Advertisement
YOU ARE HERE: LAT HomeCollections

Obituaries

Bill Ward, 65; Innovator in Radio Programming

August 07, 2004|Dennis McLellan | Times Staff Writer

Bill Ward, former president of Gene Autry's Golden West Broadcasters and general manager of KMPC radio who helped spread the popularity of country music and auto racing on radio in Southern California as general manager of KLAC in the 1970s, has died. He was 65.

Ward died July 30 of an apparent heart attack at his home in Sherman Oaks, said his son, Cameron.

Known as a Southern California broadcasting innovator, Ward was hired by Metromedia in 1971 to program KLAC-AM, which had recently gone to a country music format; he was named general manager within a year.

At KLAC, Ward boosted the popularity of the station and country music in Southern California through programming and promotions, including bringing concerts to Los Angeles and Orange counties.

"At this time, country radio was either on daytime stations or very small, limited-signal facilities," said Carson Schreiber, KLAC's music director from 1971 to 1976.

KLAC, he said, "was the only station that covered all of Los Angeles and Orange County with a full 24-hour signal. Due to the success of KLAC and the country music format in a media capital such as Los Angeles, it also helped country music nationwide."

The success of KLAC, Schreiber said, resulted from playing "all types of country," a "blending of traditional and modern and pop, from Olivia Newton-John, John Denver and the Eagles to Merle Haggard, George Jones and Loretta Lynn."

During his early days at KLAC, Ward brought legendary Los Angeles sportscaster Jim Healy, who had been at the station in the early 1960s, back to do his 15-minute, afternoon sports commentary.

"There was talk at the time that Healy was totally inconsistent with the country format of the station, so it was kind of a daring move on Bill's part," said Healy's son, Patrick, a reporter for KNBC's Channel 4 News.

And yet, he added, "Bill read his audience correctly and not only did he get his country music demographic, he got a huge tune-in factor for the [sports] show every afternoon."

In 1985, after Ward became general manager of KMPC-AM, he hired Jim Healy to do what grew from a 15-minute sports show to a 30-minute program.

Healy did his last live show on KMPC less than three months before he died from complications of liver cancer in 1994 at age 70.

While Ward was still at KLAC in the early 1970s, the station earned a reputation as "the racing station" for its coverage of auto racing.

"That was part of Bill's strategy when the format changed to country," said Healy. "He saw this overlap in the demographics in people who followed auto racing and enjoyed country music: It was the same audience."

At the time, Healy said, NASCAR was big in the Southeast. And although NASCAR had a couple of races on the West Coast, he said, "nobody was really targeting a mass-media audience. It was very localized. Bill saw the opportunity of NASCAR spreading beyond the Southeast and was one of the first people to recognize that there was an audience for NASCAR in Los Angeles."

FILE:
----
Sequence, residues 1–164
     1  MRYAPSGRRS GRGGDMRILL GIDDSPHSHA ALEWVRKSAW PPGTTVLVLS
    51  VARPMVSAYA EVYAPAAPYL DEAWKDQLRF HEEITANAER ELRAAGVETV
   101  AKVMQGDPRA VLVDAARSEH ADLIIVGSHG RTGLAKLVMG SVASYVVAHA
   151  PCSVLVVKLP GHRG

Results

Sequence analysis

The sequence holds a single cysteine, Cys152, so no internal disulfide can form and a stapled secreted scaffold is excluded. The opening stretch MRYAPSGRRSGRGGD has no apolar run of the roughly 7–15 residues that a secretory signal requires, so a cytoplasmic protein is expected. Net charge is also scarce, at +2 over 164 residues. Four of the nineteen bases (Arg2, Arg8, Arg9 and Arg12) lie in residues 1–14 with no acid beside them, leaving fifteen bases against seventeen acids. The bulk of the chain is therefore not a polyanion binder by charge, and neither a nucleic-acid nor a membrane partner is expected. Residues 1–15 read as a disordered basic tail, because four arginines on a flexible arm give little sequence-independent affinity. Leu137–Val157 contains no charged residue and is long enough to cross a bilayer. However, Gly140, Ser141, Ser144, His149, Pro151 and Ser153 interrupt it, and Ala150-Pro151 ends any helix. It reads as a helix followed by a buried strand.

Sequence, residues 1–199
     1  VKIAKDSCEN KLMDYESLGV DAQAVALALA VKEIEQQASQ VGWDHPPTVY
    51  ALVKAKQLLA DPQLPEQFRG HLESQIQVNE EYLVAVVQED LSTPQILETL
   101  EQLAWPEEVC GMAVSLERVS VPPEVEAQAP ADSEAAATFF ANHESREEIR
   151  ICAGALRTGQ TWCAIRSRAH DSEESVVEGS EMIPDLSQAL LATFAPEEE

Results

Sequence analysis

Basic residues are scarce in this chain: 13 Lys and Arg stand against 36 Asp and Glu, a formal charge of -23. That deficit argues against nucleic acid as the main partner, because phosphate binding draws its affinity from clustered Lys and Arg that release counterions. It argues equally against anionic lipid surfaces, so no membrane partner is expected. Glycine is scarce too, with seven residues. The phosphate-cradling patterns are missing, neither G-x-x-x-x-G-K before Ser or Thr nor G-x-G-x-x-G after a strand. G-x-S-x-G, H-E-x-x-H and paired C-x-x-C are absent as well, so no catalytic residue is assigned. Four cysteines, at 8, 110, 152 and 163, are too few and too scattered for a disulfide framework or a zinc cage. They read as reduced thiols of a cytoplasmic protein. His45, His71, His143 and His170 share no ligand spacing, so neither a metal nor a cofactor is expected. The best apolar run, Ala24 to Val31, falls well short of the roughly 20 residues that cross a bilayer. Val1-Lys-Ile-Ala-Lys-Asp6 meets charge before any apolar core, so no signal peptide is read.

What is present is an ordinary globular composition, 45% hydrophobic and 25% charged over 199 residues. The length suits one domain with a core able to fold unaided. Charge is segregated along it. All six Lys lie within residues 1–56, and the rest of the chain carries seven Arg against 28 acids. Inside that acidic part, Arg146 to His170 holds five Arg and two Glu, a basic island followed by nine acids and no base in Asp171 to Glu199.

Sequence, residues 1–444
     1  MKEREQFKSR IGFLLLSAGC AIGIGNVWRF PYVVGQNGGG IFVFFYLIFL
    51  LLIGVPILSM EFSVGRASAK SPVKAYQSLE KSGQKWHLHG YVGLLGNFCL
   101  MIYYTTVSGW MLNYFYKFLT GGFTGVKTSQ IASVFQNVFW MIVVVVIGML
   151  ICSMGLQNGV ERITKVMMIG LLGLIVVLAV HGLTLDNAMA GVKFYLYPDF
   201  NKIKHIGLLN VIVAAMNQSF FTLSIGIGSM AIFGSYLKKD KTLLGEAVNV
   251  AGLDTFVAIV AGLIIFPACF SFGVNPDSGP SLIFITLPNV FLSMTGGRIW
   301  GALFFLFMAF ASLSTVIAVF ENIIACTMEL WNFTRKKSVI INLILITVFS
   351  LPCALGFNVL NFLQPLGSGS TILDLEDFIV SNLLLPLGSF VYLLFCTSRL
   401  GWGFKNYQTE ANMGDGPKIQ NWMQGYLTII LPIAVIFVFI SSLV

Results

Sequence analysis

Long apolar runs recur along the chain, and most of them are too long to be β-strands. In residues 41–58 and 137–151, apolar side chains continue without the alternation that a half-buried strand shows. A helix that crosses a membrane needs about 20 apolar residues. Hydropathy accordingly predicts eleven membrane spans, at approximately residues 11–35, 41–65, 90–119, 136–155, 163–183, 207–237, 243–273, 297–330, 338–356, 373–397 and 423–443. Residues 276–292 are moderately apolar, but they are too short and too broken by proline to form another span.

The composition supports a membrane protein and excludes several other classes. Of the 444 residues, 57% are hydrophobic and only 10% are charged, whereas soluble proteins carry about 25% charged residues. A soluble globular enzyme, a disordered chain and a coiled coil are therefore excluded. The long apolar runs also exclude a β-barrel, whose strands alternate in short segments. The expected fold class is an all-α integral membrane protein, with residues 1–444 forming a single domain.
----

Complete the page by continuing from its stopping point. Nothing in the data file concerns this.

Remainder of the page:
Ward obtained the rights to broadcast the races at Riverside International Raceway and Ontario Motor Speedway.

He also launched two auto racing news shows a week, providing young Patrick Healy with his entree into broadcasting.

Born in Italy, Texas, Ward landed his first job as a disc jockey at age 15. After working the all-night shift at WRR in Dallas while attending the University of Texas at Arlington, he was hired to do the morning show at WAKY in Louisville, Ky., in 1959.

In 1967, after stints at WPLO-AM in Atlanta and KBOX-AM in Dallas, Ward joined KBLA as programming director and changed the call letters to KBBQ and the format to country music. He became station manager in 1970 and a year later moved to KLAC.

But Ward, a past president of the Academy of Country Music, "wasn't just country," Schreiber said.

After becoming president of Metromedia in 1980 after a year as executive vice president, Ward presided over what Schreiber called "some of the leading alternative progressive-rock stations in America," such as KMET-FM in Los Angeles, KSAN-FM in San Francisco, WMMS-FM in Cleveland and WMMR-FM in Philadelphia.

Named president of Golden West Broadcasters and general manager of KMPC in 1982, Ward orchestrated the company's 1985 purchase of Los Angeles radio station KUTE-FM, which adopted a soft adult contemporary format with the call letters KLIT-FM. After a couple of other format and call-letter changes, 101.9 became KSCA-FM, Los Angeles' first Triple A (Adult Album Alternative) station.

Ward retired as president in 1997 after Autry sold KSCA, his last radio holding.

In addition to his son, a Toluca Lake resident, the twice-divorced Ward is survived by his daughter, Carmen Cashat of Mansfield, Texas; a half-brother, Joe Wardlaw of Longview, Texas; and a grandson.

A memorial service is pending.

Advertisement
Los Angeles Times Articles
|
|
|